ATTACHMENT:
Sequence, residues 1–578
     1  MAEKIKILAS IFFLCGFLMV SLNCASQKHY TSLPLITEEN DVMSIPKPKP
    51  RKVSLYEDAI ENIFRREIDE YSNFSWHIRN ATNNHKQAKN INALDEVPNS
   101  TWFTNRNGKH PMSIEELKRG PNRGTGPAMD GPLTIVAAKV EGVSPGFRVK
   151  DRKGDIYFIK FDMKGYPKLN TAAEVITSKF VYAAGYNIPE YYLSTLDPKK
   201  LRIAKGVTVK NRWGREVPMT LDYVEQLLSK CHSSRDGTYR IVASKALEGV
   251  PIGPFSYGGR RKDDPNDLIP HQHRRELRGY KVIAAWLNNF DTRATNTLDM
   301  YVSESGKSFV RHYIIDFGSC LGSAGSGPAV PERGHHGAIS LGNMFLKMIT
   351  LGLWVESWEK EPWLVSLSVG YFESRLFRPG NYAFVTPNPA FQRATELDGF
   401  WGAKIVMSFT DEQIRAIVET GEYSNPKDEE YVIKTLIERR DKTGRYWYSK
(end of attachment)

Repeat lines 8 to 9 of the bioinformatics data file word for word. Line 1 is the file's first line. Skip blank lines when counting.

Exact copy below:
   301  YVSESGKSFV RHYIIDFGSC LGSAGSGPAV PERGHHGAIS LGNMFLKMIT
   351  LGLWVESWEK EPWLVSLSVG YFESRLFRPG NYAFVTPNPA FQRATELDGF